What I want to achieve: I want to set custom baud rate values for some tty*-like UART-mapped terminals.

How: The only way I found by far is to use the struct termios2 structure which is located in<asm/termios> header (as mentioned here, first answer).

My solution works very well by far, but now I need to use some functions:

speed_t cfgetispeed(const struct termios *);
int     tcdrain(int);
int     tcflow(int, int);
int     tcflush(int, int);
int     tcgetattr(int, struct termios *);
pid_t   tcgetsid(int);
int     tcsendbreak(int, int);
int     tcsetattr(int, int, struct termios *);

The problem is that in <asm/termios.h> there are no such functions, and I need to include <termios.h> for being able to use them.

Problem: If I include both headers (<asm/termios.h> and <termios.h>) the compiler will scream about functions and structure re-declaration, and he's right.

How can I solve this without using some obscure practice (like wrapping one of headers in a namespace, like mentioned here)?

  • related question from the same author stackoverflow.com/questions/37697155/… Jun 8, 2016 at 19:35
  • 1
    You can: 1) Wrap the headers in their own namespaces, 2) Refactor your code so no translation unit includes both, 3) Include <asm/termios.h> via a proxy header that hides the clashing definitions with macros. (2) is way most difficult. (3) is at least as "obscure" as (1), and is also a hack. Jun 10, 2016 at 15:08

3 Answers 3


How can I solve this without using some obscure practice (like wrapping one of headers in a namespace, like mentioned here)?

If you find namespaces obscure, I don't know how you'd call this:

#define termios asmtermios
#include <asm/termios.h>
#undef  termios
#include <termios.h>

Anyway, this too gets you rid of the error: redefinition of 'struct termios'.

  • 1
    I would call that a solution! :)
    – JakeSays
    Jul 18, 2020 at 20:41

I had a similar issue - wanted custom baud rate support with definitions like termios2, TCGETS2 and BOTHER, while still making use of the traditional termios calls. I instinctively wrapped the termios2 stuff in its own compilation unit and had no problems. So my structure looks like this:


#include <termios.h>
#include <fcntl.h>
#include <dirent.h>

int open_port(int fd, int baudrate, eParitySetting parity, int numStopBits)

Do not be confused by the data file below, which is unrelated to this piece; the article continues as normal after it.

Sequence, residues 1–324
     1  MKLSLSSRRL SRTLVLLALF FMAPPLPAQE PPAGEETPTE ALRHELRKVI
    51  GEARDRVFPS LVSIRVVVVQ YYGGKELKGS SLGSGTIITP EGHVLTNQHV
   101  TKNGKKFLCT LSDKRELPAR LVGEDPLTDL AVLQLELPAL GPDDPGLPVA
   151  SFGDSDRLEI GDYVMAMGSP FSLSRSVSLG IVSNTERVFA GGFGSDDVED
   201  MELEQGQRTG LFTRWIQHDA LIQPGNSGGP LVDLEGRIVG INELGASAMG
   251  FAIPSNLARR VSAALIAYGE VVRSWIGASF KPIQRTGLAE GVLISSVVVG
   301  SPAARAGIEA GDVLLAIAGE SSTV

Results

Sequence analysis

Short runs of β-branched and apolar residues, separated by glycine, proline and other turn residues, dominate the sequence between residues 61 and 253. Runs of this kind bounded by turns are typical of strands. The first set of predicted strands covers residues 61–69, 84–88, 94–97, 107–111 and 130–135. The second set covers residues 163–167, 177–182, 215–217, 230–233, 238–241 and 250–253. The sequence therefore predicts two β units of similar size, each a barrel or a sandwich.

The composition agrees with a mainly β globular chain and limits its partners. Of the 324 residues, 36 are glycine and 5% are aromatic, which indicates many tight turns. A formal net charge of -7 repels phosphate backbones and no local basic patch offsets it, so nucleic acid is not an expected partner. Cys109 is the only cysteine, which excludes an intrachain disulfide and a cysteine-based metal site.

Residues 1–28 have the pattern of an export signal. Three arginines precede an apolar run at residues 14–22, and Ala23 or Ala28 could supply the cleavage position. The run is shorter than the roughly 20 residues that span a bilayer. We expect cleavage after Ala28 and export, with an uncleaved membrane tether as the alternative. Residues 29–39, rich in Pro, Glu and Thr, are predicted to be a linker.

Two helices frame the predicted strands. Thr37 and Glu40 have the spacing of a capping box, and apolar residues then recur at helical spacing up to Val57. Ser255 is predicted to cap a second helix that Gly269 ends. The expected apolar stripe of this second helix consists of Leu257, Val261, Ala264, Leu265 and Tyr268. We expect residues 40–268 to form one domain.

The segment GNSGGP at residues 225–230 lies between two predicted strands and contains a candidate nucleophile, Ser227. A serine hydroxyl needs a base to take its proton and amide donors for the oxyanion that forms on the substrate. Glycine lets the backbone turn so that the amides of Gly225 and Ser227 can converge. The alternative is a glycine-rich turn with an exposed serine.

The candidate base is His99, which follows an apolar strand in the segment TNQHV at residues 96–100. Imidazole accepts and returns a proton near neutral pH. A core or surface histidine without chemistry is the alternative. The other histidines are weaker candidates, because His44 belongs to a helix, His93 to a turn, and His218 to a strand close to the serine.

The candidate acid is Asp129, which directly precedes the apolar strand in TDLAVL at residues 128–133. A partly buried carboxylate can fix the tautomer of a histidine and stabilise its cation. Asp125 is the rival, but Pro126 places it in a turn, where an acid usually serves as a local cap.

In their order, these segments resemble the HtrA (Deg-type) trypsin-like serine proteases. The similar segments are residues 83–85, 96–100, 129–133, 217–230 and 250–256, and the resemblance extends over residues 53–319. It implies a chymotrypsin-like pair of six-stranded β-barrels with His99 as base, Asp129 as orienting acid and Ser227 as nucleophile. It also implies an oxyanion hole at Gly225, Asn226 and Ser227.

setNonStandardBaudRateTermios(fd, baudrate, parity, numStopBits);
    //all the normal tcgetattr/cfsetospeed/tcsetattr

int do_other_things(void)
  //all the normal tcsendbreak/tcflush/etc things


#include <asm/termios.h> /* asm gives us the all important BOTHER and TCGETS2 */
#include <fcntl.h>
#include <dirent.h>
#include <stropts.h> /* Oddly, for ioctl, because ioctl.h causes include dramas */

setNonStandardBaudRateTermios(int fd, int baudrate, eParitySetting parity, int numStopBits)
  //All the termios2/ioctl/TCGETS2/BOTHER things

Works well for me.


I hit the same problem with an old arm cross compiler, but found the latest one, gcc-arm-10.2-2020.11-x86_64-arm-none-linux-gnueabihf, solved the problem with a different header file. Here is my code:

#include <asm/termbits.h>
#include <sys/ioctl.h>

/* functions */
int uart_config_baudrate(int fd)
    struct termios2 tio;

    ioctl(fd, TCGETS2, &tio);
    tio.c_cflag &= ~CBAUD;
    tio.c_cflag |= BOTHER;
    tio.c_ispeed = MY_SPECIAL_BAUDRATE_NUMBER;
    tio.c_ospeed = MY_SPECIAL_BAUDRATE_NUMBER;
    return ioctl(fd, TCSETS2, &tio);

static int init_uart(void)
    struct termios tp;
    int rc;

    memset(&tp, 0, sizeof(tp));
    tp.c_iflag = IGNPAR;
    tp.c_oflag = 0;

    tp.c_lflag = 0;     /* set input mode to non-canonical */

    tp.c_cc[VTIME] = 0; /* inter-character timer unused */
    tp.c_cc[VMIN] = 1;  /* blocking read until 5 chars received */

    tcflush(fd, TCIFLUSH);
    rc = tcsetattr(fd, TCSANOW, &tp);

    return rc;

int main()
    int fd;

    fd = open("/dev/ttyS0", O_RDWR | O_NOCTTY);
    init_uart(fd);  // add your error handling
    uart_config_baudrate(fd); // add your error handling

Your Answer

By clicking “Post Your Answer”, you agree to our terms of service, privacy policy and cookie policy

Not the answer you're looking for? Browse other questions tagged or ask your own question.